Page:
5. We need evidence of ideology from the great-houses, from architecture or pottery decoration or pictographs or whatever. We cannot know their spoken myths, but we may be able to read ideologically coded physical artifacts, and we may find discontinuities with the present Pima-Papago encoded in them. The Hohokam "ball courts" are one such possibility, but I know of no substantive readings of what the ball court details meant to the Hohokam. There are only interesting speculations on what ball games could have meant to Hohokam trade politics (Wilcox 1991: 101-125). Wilcox believes that ball games enabled trade and gift giving (and betting, I would add) between "home" groups and visitors. The ball game-like betting game discussed in note 7, part 3, below, also served those purposes. [BACK]

6. The full roster of variant names for this character is the following: S-e'ehe (and variants: Siuuhu, Soho, and many others), 'Elder-brother' (actually elder-brother-sister-or-cousin, as the word does not limit itself to sex or even full siblingship); Si:s Ma:kai, 'Elder-brother Medicine-man', or 'Elder-brother Shaman'; I'itoi, 'Drink-it-all-up'; and Mondisuma, 'Montezuma'. These four variants are mixed through Pima and Papago mythologies. For example, the Pima Thin Leather uses both names for this character and implies that the god was called I'itoi up to a certain point in the story and then took on the name S-e'ehe (Russell 1908: 209). The text is not explicit, and the Pima language is lacking, so one cannot see exactly where that change happened. Logically, it would have been when this god and two others met after surviving a flood. At that point there was a dispute over seniority (i.e., who had come to ground first), and the other gods averred to I'itoi's/S-e'ehe's insistence that he had been first.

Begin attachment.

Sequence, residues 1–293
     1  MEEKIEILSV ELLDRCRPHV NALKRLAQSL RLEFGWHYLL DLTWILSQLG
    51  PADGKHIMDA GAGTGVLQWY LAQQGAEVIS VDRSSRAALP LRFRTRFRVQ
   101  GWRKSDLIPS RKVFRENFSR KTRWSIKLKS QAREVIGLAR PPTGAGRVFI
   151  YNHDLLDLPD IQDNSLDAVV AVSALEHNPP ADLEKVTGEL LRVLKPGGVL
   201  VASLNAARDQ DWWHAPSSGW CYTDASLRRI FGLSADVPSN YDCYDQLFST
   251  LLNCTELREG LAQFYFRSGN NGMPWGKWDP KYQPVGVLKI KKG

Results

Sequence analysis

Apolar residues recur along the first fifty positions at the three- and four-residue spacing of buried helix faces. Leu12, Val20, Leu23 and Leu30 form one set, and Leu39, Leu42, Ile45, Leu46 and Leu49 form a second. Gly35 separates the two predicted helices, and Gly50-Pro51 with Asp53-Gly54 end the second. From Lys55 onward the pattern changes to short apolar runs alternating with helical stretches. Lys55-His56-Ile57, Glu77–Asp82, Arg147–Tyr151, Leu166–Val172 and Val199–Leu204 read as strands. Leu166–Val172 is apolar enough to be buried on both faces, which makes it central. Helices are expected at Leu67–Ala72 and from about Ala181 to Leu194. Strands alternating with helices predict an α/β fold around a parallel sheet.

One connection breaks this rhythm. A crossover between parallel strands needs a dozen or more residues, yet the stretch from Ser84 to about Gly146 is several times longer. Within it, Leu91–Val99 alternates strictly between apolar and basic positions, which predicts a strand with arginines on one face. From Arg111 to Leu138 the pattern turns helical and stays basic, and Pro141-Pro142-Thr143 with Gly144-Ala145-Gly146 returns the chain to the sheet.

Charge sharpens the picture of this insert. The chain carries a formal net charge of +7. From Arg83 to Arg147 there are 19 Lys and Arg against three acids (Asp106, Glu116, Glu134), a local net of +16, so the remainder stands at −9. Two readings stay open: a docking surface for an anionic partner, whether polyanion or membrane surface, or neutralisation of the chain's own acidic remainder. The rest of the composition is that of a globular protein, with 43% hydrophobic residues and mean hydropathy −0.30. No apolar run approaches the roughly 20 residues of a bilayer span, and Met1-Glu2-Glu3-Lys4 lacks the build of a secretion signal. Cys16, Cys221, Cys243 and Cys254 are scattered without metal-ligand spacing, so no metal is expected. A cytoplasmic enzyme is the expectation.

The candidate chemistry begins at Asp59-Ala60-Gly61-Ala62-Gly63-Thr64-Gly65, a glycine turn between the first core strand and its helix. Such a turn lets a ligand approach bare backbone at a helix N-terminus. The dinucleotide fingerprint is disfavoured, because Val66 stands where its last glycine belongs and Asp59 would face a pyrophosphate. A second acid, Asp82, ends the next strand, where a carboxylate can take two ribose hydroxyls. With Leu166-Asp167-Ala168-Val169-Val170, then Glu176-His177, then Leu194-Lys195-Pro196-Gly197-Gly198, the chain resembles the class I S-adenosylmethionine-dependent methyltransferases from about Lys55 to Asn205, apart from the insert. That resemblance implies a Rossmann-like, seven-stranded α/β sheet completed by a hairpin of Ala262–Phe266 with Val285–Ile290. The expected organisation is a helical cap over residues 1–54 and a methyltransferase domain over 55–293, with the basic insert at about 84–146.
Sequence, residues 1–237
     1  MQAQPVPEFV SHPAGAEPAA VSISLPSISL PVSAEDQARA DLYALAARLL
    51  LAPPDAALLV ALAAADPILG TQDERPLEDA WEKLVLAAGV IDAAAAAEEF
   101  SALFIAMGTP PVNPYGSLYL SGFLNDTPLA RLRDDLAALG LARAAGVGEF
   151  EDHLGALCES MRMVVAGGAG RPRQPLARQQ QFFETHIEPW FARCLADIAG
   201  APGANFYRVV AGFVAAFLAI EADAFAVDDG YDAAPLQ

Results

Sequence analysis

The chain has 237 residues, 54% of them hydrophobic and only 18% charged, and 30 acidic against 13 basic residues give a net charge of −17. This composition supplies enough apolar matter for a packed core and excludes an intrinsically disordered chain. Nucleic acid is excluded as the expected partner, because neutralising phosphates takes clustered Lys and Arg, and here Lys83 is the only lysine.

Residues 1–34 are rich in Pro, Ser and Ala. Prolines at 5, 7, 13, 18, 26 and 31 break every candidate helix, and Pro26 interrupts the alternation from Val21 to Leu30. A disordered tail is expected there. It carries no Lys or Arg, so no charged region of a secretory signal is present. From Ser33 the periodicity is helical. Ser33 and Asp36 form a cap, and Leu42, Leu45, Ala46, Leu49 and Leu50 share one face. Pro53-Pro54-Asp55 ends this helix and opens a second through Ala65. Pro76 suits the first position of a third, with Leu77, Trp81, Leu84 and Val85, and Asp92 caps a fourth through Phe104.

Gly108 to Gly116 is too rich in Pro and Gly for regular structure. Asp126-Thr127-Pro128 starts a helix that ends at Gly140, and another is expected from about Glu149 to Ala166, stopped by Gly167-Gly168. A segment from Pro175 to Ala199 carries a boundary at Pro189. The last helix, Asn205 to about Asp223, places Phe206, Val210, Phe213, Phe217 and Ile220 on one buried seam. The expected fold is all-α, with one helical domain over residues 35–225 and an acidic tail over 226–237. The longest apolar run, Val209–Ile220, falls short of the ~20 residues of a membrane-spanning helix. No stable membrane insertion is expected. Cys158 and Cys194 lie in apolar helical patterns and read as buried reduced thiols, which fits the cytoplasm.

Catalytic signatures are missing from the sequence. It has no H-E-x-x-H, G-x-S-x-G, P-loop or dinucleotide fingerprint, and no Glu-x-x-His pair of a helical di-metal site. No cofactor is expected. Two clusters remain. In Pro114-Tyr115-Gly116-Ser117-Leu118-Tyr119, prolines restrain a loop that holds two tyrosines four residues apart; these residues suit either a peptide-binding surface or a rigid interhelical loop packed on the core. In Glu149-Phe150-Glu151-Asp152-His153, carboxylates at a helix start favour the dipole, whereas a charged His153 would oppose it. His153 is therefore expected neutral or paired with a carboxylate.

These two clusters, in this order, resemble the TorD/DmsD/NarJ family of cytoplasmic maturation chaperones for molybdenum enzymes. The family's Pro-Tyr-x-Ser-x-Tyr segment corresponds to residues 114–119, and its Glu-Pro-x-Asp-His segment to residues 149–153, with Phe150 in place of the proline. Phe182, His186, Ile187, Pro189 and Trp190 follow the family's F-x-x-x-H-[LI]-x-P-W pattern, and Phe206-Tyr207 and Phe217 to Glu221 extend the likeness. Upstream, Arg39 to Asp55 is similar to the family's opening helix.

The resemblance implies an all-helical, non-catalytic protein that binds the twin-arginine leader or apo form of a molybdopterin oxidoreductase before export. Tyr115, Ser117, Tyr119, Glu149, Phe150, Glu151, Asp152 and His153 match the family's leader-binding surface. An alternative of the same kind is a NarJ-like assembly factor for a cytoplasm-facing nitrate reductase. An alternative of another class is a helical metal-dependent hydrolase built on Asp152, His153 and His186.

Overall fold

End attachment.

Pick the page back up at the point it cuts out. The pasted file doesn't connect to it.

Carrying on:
I confess that no Pima-Papago has told me that I'itoi means "Drink-it-all-up." I have told this to them, and they have agreed, but they seem to think that the god's name merely sounds like it means "Drink-it-all-up" in their language—exactly like that, I believe. The reason for their reticence may be that there is nothing obvious in the story of I'itoi/S-e'ehe to earn him that name. He has no penchant for drinking anything in particular.

On the strength of the Font text, I think the reason for his name is his solar properties (discussed below). By drying things out, he seems to drink them up. Thus, his involvement with the mythical flood is a false lead into his name "Drinker." He does not drink the flood but takes refuge from it. Finally, I suspect that the Drinker name links him to the Aztec sun who "drank" human blood. break

The sun, the earth, the moon, and the gods of vegetation and animal life all need annual rejuvenation by draughts of human blood. Without human sacrifices the earth's fruits wither and men perish, so that the continuation of the universe depends on the payment of a blood debt. (Kubler 1984: 92)

There is no human sacrifice in known Pima-Papago religion or mythology (except Jesus), but the "Drinker" name ties them to the system of thought that supported human sacrifice in pre-Columbian central and northern Mexico. [BACK]

7. Beyond the friendly Opas, I assume the governor knew of unfriendly Yumas, Mojaves, and so on. [BACK]